While there's usually no doubt when physical abuse has taken place, it's often more difficult to determine when emotional abuse is occurring. This is compounded by the fact that emotional abuse can take place without either the abuser or the person being abused realizing it's happening at the time. People in general are much more likely to tolerate emotional abuse than they are physical abuse because many of them don't see it's taking place until they take a step back and ask themselves if they're being abused.
The reality is emotional abuse can be every bit as damaging as physical abuse. Words can slice right through a person, leaving them battered and beaten emotionally. An emotionally abused person often suffers deep damage to their psyche and feels worthless and unable to cope with life.
Here are some of the top signs of emotional abuse. If any of these items are taking place in your daily life, there's a pretty good chance you're being emotionally battered.
Made to Feel Less than Human
An emotional abuser often feels insecure and seeks to make those he or she is abusing feel lower than them. They believe they can maintain control over the people in their lives by making them feel worthless. They'll insult their loved ones, both in private and in front of others and will often resort to degradation anytime there's a disagreement. If you're constantly told you're stupid and are made to feel lower than low, you're being emotionally abused.
This form of emotional abuse occurs when the abuser attempts to dictate every aspect of a loved one's life. The abuser refuses to allow the abused individual to live their life and insists on making decisions for them. If you find yourself feeling like your personal boundaries have been invaded and are having trouble living your life because it feels like someone's living it for you, there's a good chance you're being emotionally abused.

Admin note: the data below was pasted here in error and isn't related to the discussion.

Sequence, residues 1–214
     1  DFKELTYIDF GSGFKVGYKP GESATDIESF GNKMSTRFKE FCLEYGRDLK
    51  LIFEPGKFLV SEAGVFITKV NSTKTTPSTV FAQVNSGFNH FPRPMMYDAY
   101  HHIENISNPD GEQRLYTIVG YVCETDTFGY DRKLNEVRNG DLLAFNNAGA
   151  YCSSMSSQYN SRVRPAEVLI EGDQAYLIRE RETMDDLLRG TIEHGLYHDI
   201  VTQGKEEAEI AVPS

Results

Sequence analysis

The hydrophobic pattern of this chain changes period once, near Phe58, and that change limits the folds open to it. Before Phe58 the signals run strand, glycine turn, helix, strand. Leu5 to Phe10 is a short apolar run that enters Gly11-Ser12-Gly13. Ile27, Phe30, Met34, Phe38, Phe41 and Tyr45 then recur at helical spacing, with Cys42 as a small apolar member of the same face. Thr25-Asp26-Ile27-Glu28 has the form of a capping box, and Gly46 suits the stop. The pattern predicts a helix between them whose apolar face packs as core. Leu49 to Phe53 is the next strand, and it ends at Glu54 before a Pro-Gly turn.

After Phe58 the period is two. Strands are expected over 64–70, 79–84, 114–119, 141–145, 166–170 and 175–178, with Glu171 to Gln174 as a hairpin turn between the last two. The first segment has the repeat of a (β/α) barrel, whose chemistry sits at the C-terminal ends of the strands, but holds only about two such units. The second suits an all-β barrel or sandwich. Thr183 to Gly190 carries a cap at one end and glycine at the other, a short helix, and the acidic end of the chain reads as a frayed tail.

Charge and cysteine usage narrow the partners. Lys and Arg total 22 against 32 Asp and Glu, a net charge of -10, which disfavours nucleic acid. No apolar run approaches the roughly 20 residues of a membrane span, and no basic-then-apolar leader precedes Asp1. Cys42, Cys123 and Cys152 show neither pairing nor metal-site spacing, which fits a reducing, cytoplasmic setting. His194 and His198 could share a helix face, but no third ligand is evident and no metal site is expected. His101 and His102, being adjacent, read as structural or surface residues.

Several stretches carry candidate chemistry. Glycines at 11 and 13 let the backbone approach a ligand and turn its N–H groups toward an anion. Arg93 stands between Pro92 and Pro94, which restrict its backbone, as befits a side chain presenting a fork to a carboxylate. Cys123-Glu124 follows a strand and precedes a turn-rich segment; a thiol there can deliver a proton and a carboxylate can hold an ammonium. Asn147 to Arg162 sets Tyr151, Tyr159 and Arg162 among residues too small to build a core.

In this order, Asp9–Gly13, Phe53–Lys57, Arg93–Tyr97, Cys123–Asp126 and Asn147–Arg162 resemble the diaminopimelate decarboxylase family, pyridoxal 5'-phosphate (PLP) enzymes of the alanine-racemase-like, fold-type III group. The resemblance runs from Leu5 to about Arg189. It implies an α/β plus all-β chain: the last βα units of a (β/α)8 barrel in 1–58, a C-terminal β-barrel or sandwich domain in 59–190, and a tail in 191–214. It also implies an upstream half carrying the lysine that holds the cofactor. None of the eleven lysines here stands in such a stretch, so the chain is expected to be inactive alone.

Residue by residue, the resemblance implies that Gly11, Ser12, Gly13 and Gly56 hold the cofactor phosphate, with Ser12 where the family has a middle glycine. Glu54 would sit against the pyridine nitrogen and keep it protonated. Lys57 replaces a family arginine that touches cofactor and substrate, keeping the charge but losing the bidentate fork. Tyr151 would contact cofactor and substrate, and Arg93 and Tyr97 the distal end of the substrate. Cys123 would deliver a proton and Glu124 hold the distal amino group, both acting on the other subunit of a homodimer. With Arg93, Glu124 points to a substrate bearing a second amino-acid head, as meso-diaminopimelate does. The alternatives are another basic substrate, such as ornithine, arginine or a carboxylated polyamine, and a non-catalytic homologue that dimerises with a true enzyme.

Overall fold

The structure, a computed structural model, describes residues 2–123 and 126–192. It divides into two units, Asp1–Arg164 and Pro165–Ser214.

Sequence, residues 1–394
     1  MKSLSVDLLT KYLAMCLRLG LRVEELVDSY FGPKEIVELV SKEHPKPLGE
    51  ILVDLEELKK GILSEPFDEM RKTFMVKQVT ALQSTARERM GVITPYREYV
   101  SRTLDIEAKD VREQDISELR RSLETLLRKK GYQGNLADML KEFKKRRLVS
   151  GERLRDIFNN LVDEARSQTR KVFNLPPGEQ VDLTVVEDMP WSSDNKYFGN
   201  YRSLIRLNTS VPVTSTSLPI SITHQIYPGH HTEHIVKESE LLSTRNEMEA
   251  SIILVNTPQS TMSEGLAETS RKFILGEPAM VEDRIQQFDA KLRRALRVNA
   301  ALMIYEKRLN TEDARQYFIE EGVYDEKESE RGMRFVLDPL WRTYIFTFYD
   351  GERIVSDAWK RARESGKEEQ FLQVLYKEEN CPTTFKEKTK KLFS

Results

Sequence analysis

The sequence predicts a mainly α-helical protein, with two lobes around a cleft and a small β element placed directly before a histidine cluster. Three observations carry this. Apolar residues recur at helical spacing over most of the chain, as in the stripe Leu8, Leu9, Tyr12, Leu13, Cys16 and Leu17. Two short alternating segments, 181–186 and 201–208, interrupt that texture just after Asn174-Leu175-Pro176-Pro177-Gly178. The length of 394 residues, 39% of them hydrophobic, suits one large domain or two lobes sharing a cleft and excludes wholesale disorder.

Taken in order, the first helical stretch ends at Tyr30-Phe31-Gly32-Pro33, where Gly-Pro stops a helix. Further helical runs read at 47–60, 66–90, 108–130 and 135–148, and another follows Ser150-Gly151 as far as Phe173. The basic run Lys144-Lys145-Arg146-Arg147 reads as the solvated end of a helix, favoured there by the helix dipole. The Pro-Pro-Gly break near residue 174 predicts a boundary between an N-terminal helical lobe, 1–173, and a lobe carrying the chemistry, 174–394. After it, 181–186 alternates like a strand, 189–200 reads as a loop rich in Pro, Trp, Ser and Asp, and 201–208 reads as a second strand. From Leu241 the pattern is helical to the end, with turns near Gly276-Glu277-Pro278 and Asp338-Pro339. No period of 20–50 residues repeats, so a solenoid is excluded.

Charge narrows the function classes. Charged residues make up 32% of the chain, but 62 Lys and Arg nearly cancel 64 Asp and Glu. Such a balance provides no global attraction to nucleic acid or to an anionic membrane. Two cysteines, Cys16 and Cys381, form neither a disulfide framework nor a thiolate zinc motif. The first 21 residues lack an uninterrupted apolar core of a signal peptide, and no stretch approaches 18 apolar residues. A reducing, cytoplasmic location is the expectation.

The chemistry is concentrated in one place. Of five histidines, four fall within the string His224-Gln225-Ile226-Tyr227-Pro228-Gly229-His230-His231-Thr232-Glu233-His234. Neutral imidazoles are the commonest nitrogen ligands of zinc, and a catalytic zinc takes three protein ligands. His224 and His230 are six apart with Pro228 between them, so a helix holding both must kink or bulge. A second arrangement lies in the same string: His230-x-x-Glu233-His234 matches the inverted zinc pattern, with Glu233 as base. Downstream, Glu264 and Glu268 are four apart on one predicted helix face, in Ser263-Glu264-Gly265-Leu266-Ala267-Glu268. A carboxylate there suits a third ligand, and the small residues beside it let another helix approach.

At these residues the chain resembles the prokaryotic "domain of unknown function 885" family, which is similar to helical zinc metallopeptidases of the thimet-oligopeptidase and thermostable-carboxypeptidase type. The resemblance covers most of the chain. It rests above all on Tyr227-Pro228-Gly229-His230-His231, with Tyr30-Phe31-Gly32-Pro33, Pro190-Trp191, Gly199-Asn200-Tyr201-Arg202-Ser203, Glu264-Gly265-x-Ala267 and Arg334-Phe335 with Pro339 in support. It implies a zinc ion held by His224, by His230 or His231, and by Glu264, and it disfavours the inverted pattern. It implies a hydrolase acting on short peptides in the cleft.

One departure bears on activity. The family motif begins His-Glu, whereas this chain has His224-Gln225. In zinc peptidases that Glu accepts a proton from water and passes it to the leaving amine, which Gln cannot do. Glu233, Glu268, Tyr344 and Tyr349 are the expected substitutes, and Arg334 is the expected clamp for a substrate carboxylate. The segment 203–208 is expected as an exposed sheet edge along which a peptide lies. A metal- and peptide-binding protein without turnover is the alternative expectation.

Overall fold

This is the opposite of controlling. This type of abuse takes place when a person is ignored or neglected. Emotional abandonment can be every bit as damaging as controlling behavior. An abusive person who engages in isolation will often withdraw from the abused person to the point where they feel completely alone. The "silent treatment" is a form of isolation and there's no place for it in a healthy relationship.
The Blame Game
If everything that happens is always your fault, you may be suffering emotional abuse. Abusers will make unreasonable accusations and will point out all a person's shortcomings while refusing to accept any blame, even when they're clearly the person in the wrong. Abusers tend to be unhappy people and are looking for someone to blame for their unhappiness.
This one's a common tactic used by pathological liars to convince people they're right. An abuser who engages in denial will continue denying having said or did something until they've either convinced everyone around them it's true or everyone gives in because they don't want to argue anymore. The abuser will refuse to acknowledge reality and will argue about anything and everything just to prove their right.
Certain things in a relationship will evoke a strong emotional response. Catching a person lying, cheating, stealing or otherwise acting in an unmoral or dishonest manner will result in an angry response from the person who was victimized. Abusers may attempt to minimize this response by telling the abused they're overreacting and trying to make it seem like it wasn't that big of a deal.